Win the turnover battle and you usually win the game. Win the turnover battle AND score a defensive touchdown – your chances of victory increase even more. Score TWO defensive touchdowns and you’re nearly guaranteed a win – unless you’re Carolina.
The Panthers won the turnover battle, 3-1, against the Vikings. Jeremy Chinn scored two defensive touchdowns in ten seconds and Carolina still found a way to lose to Minnesota 28-27. Naturally fans would want to place the blame on someone. Is it Teddy Bridgewater who missed a wide open DJ Moore on third and goal from the three yard line with 1:56 remaining – that would’ve put the Panthers up two scores? Or is it kicker Joey Slye who missed a game-winning 54-yard field goal with six seconds remaining in the 4th?
While these may be good candidates for some, the blame for this one lies at the feet of the Panthers coaching staff.
After putting pressure on Kirk Cousins and containing Dalvin Cook, the league’s second-leading rusher for three quarters, Phil Snow’s group started playing soft, prevent defense – rushing only three lineman and allowing Cousins to methodically lead one field-goal and two touchdown drives in the fourth quarter.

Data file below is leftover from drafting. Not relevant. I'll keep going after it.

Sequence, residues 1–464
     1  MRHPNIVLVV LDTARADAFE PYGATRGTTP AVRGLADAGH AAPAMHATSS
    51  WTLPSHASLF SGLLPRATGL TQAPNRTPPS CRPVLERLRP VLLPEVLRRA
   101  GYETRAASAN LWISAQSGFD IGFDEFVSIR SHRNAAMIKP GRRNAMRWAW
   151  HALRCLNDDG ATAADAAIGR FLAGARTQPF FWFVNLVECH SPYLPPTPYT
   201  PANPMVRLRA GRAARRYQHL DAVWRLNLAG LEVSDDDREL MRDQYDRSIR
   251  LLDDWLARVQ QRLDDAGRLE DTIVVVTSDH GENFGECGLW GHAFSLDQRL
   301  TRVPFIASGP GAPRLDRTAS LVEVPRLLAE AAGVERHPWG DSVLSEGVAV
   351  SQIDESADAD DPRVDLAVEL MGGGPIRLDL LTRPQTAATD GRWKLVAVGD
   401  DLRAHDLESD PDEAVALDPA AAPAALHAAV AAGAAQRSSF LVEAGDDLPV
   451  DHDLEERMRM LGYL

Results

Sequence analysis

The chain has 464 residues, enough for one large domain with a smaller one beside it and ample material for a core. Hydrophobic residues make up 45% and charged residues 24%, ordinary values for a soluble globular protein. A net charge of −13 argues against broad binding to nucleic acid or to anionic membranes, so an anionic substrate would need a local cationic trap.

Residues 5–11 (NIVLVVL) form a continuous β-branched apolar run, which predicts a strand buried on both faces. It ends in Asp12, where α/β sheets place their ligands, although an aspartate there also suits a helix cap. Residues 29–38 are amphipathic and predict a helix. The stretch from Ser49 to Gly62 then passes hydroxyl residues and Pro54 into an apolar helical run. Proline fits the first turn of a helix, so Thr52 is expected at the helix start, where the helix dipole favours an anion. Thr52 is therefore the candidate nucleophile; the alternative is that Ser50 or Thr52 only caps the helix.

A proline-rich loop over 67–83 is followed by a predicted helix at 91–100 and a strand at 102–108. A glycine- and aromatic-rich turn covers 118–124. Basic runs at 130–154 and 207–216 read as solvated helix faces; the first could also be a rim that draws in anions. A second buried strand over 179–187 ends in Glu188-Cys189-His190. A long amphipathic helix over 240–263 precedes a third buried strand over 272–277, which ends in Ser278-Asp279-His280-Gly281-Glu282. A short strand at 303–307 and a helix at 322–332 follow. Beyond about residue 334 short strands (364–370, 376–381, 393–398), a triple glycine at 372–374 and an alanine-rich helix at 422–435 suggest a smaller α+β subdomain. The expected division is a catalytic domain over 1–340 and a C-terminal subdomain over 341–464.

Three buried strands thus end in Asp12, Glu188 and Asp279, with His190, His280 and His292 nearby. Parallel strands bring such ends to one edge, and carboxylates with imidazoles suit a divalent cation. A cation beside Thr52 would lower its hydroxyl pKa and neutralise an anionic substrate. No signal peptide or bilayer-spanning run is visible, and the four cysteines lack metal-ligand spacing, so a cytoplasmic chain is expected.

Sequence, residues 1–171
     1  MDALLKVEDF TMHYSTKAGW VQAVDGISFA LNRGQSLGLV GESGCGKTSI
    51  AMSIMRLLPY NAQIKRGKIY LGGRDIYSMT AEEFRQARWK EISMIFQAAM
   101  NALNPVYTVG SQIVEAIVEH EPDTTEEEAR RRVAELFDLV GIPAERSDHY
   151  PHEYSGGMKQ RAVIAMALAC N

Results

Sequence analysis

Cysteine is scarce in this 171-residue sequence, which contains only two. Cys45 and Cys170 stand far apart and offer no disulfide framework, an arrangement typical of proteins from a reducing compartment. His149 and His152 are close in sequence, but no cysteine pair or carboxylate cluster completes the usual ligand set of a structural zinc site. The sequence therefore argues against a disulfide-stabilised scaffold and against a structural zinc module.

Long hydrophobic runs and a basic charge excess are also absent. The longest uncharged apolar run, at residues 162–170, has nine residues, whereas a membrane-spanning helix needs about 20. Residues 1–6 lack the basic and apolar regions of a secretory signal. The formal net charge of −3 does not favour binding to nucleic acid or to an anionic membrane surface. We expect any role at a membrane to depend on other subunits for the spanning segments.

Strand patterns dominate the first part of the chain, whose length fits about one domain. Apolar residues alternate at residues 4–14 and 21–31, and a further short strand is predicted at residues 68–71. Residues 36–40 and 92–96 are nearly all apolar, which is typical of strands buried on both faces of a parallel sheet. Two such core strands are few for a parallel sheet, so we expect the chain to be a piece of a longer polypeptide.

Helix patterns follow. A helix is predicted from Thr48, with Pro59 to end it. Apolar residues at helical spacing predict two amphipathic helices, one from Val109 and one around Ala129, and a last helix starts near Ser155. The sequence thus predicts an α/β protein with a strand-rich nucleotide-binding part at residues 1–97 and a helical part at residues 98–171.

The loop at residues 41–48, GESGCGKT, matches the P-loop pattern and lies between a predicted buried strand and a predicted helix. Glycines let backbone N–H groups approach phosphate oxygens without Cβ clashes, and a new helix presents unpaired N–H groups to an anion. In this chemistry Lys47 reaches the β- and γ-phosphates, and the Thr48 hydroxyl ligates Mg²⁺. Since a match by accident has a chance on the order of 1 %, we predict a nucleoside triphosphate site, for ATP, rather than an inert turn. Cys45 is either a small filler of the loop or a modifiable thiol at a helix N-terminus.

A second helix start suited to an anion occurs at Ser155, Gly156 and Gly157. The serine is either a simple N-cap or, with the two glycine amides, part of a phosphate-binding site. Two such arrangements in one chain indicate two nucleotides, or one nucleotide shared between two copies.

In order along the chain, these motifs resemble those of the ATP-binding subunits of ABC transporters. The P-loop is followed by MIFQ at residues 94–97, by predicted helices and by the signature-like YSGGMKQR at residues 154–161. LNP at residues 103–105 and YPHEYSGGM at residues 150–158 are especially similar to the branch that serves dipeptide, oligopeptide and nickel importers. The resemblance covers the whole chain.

Joe Brady’s offense was sub-par most of the game – which is usually the case then you are out-scored by the defense. Bridgewater missed two go-ahead touchdown throws- both to DJ Moore. Conservative play-calling on the final two drives was brutal and Teddy seemed rushed during the offense’s last possession, as communication between the sideline was delayed.
For a staff that has impressed most of the season, this was perfect example of coaching mediocrity – leading to an “L” the Panthers should not have taken. Matt Rhule agreed.
“As a coaching staff we didn’t get the job done today. Anytime you have two defensive touchdowns and you don’t win, it’s on you. Anytime you hold them to 55 yards, it’s on us as a staff. To not be able to put the game away with the ball at the ten yard line with two minutes left, it’s unacceptable by us as a staff. To not be able to stop them and not be able to make the field goal at the end to win the game after having three opportunities to close it out – we did not do it. We’re a good football team. We have not closed these type of games out. I always try to look and see where the fault lies and I put it squarely on us as a staff. Which starts with me.”
The accountability by Rhule, who made a point of answering every reporter’s question after the loss, is admirable. The truth is, the Panthers have had trouble winning close games all season – many of which weren’t the fault of the coaching staff. The hope is that Rhule and company, like they preach to their players, learn from this experience and continue to keep their foot on the gas when leading contests. Scared money don’t make money and it doesn’t win football games.